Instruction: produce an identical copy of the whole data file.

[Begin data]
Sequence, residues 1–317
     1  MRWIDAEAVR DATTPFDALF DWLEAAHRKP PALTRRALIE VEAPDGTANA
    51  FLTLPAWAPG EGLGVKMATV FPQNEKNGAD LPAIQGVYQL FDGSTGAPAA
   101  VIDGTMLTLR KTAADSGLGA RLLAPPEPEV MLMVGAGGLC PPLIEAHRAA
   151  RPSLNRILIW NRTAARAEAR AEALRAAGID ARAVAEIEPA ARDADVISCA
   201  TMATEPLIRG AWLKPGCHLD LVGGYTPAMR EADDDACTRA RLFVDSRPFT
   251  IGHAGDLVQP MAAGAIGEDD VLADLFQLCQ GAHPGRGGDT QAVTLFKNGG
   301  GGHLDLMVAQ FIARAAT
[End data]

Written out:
Sequence, residues 1–317
     1  MRWIDAEAVR DATTPFDALF DWLEAAHRKP PALTRRALIE VEAPDGTANA
    51  FLTLPAWAPG EGLGVKMATV FPQNEKNGAD LPAIQGVYQL FDGSTGAPAA
   101  VIDGTMLTLR KTAADSGLGA RLLAPPEPEV MLMVGAGGLC PPLIEAHRAA
   151  RPSLNRILIW NRTAARAEAR AEALRAAGID ARAVAEIEPA ARDADVISCA
   201  TMATEPLIRG AWLKPGCHLD LVGGYTPAMR EADDDACTRA RLFVDSRPFT
   251  IGHAGDLVQP MAAGAIGEDD VLADLFQLCQ GAHPGRGGDT QAVTLFKNGG
   301  GGHLDLMVAQ FIARAAT